UCSD physicist Jorge E. Hirsch has propose a quick-and-dirty way to measure quality of academic scientist’s output. His method is explained and studied in a paper to be published in the November 15 issue of PNAS. The idea is very simple and it is called the h-index. This number relies on the number of citations our papers have. In particular the h-index is the maximum number _h_ that verifies the following: at least h of papers of an author have h citations each. The method to calculate the number is fast (via the Thomson ISI Web of Science database) and he claims can tell apart good professional careers from a lifetime of mediocre work skewed by one or two highly cite papers. Let’s run the numbers to see how some people in the statistical physics community does:
* **P.G. de Gennes**, 83, a Noble laureate. The paper by Hirsch miscalculates his h-index, probably because de Gennes appears as PG deGennes, PGD Gennes and PG de Gennes in the list of authors. * **H.E. Stanley**, 79. Boltzman medal. impressive. * **G. Parisi**, 74. The famous Kardar-Parisi-Zhang paper gets 1980 citations! G. Parisi have quite a lot of papers in high-energy with a lot of citations each as well * **J.L. Lebowitz**, 65. Boltzman medal * B. Widom, 41 * J-P. Bouchaud, 40 * A.L. Barabasi, 39 * M. Kardar, 39. Boltzman medal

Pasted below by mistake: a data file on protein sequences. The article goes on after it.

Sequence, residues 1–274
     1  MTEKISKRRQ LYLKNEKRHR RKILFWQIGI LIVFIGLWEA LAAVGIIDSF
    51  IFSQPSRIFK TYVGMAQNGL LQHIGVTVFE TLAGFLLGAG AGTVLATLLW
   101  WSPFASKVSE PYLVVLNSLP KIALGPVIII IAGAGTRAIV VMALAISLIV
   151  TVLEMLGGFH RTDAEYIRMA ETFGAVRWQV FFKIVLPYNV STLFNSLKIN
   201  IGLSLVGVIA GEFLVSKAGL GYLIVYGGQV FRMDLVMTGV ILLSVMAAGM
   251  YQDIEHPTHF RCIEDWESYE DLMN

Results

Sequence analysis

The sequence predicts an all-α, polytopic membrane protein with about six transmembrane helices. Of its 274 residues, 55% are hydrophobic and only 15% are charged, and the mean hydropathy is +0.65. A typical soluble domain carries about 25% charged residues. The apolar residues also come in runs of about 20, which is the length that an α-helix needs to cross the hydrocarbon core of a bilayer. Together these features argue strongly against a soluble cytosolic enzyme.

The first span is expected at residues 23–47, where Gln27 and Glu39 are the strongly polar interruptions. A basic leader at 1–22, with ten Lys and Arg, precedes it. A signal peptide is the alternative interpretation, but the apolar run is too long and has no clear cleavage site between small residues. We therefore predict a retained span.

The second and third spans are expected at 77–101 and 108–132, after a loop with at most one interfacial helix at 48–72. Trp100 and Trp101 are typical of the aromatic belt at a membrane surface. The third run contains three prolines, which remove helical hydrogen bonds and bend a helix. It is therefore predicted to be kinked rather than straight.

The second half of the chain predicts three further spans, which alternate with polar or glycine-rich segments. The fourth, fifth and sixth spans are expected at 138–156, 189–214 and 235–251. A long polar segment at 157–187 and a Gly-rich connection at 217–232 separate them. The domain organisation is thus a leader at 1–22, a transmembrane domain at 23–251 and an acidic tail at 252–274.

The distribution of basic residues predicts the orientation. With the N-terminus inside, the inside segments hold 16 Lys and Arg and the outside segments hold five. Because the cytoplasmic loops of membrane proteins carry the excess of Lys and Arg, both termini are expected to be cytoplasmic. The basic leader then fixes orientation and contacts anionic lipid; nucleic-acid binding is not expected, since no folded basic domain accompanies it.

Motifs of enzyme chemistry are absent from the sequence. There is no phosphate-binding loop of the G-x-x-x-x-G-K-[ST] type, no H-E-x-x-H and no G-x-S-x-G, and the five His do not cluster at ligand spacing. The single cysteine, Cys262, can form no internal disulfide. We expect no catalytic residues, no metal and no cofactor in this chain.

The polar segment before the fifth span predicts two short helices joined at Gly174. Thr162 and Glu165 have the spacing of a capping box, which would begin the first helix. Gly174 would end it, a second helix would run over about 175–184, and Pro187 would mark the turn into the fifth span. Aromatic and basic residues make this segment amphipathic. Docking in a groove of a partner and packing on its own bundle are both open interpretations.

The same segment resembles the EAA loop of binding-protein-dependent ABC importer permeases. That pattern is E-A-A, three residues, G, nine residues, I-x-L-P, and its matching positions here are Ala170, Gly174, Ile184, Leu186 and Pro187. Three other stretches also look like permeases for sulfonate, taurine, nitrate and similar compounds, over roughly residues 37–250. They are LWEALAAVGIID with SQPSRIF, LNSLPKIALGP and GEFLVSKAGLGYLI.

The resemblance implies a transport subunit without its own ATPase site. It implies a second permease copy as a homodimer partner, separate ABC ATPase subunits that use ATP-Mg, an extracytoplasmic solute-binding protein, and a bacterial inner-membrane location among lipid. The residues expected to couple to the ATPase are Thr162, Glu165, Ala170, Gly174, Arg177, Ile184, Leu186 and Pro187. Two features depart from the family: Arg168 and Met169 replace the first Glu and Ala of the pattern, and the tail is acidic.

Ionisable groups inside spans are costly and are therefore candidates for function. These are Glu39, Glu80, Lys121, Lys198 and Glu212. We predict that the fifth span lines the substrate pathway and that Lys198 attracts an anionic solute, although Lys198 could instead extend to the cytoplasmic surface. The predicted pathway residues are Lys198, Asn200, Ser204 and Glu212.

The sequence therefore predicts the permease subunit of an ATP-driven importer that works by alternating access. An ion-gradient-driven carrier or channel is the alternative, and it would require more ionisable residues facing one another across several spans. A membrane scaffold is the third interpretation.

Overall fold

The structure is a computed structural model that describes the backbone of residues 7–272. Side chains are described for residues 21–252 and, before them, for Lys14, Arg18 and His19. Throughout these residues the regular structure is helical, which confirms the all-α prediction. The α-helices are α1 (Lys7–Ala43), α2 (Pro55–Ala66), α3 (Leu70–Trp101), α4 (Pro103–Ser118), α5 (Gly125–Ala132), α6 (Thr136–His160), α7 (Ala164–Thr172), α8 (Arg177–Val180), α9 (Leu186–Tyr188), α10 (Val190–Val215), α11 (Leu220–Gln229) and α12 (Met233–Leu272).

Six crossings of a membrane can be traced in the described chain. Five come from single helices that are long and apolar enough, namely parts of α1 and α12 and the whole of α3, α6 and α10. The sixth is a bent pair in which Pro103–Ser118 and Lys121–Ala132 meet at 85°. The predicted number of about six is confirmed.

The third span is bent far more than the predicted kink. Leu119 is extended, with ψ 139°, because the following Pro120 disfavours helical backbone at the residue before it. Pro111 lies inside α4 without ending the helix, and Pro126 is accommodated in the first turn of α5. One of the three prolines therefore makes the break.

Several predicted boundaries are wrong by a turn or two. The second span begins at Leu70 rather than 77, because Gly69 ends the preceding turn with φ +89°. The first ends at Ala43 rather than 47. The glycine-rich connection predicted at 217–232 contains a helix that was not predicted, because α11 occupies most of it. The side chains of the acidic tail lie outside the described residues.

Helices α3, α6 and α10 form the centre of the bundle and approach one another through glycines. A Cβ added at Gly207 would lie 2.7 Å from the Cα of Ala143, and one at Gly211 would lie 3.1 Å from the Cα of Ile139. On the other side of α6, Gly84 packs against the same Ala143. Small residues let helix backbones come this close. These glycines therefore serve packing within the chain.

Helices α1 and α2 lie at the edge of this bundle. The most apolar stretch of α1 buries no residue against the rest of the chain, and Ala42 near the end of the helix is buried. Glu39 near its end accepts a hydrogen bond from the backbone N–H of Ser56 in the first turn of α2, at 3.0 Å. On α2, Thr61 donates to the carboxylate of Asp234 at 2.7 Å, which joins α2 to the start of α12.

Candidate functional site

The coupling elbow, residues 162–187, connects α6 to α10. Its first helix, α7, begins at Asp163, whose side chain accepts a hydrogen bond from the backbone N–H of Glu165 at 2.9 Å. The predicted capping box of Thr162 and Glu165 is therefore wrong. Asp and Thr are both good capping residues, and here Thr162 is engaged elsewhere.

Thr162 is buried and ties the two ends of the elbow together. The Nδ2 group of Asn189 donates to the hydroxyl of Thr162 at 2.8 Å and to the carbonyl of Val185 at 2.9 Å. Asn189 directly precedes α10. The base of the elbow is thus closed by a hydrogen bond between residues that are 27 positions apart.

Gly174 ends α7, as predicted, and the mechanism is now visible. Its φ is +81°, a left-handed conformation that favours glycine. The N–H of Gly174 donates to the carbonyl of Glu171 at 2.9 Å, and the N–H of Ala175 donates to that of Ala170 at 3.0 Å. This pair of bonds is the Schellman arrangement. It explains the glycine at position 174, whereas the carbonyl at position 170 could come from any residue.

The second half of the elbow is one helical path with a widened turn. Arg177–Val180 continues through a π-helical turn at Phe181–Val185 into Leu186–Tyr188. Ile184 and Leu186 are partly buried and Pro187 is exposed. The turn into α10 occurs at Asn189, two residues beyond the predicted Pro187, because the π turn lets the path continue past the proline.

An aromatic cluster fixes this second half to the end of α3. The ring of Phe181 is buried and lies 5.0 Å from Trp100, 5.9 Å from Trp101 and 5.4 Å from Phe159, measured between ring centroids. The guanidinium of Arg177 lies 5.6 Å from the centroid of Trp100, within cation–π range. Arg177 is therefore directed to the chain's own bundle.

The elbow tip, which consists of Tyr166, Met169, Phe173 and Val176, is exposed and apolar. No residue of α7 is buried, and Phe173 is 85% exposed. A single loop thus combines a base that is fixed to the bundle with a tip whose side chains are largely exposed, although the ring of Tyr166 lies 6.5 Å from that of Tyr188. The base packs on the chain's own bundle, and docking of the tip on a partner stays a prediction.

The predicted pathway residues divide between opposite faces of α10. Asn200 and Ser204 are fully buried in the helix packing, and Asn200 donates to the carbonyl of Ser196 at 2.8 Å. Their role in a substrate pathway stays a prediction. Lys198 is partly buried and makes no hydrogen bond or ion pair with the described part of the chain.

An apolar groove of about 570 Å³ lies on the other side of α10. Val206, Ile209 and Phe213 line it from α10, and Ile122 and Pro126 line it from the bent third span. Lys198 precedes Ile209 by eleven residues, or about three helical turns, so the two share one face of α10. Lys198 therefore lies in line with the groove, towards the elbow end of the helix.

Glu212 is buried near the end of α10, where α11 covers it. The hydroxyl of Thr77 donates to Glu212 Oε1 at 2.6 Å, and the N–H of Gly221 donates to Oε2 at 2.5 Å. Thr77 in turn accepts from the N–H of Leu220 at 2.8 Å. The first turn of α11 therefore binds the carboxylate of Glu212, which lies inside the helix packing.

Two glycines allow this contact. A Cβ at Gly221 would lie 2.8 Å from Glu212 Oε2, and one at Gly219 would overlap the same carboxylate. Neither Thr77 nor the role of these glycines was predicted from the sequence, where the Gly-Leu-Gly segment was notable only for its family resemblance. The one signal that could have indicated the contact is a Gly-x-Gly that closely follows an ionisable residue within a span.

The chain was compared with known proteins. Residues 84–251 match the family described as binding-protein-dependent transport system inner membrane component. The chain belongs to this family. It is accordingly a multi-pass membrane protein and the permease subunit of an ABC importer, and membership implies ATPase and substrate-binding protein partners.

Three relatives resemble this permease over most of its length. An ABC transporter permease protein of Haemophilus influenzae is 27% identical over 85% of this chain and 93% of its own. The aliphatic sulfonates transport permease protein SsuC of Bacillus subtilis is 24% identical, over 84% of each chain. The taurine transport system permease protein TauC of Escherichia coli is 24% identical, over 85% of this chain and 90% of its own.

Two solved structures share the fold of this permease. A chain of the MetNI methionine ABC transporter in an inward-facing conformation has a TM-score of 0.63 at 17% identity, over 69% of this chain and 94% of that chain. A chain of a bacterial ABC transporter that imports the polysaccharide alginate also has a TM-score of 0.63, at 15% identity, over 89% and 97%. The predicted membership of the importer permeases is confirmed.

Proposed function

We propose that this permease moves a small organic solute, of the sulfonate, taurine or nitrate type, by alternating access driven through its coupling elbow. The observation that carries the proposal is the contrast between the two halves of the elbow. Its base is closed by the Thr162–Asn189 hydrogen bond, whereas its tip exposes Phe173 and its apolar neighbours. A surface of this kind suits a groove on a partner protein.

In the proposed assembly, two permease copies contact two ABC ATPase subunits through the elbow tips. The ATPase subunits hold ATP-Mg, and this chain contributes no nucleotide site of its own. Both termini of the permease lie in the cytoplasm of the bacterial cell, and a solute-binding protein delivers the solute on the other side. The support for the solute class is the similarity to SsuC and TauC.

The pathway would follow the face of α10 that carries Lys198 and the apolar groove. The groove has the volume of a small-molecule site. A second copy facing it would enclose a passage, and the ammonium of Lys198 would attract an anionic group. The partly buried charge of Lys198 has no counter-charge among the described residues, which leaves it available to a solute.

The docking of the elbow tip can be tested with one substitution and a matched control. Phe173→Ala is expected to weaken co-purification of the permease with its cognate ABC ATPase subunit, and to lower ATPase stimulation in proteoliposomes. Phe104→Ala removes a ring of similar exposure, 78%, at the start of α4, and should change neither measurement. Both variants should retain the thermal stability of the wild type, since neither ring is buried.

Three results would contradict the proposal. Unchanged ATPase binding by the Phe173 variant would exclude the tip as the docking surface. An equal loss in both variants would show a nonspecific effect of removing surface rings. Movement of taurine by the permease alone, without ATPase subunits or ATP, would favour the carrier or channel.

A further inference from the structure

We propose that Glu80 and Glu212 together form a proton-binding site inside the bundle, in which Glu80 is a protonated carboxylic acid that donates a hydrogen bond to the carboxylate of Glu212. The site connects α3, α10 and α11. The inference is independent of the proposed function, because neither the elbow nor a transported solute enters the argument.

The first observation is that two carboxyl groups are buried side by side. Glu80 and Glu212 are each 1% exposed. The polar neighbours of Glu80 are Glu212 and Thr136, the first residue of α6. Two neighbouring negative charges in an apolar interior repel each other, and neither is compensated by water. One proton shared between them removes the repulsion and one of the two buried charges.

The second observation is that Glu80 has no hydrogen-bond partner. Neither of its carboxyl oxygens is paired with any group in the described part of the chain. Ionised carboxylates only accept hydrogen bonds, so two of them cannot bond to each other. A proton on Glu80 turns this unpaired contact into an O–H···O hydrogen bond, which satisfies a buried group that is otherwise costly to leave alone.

Note however that the h-index obviously depends on the numbers of years of scientific career. I forecast that part of the success of the h-index will be that is publicly available and thus scientists can compare themselves to their collegues. However, different scientific fields have different publication frequencies and different average number of citations, making the comparison a little bit difficult even across subdisciplines.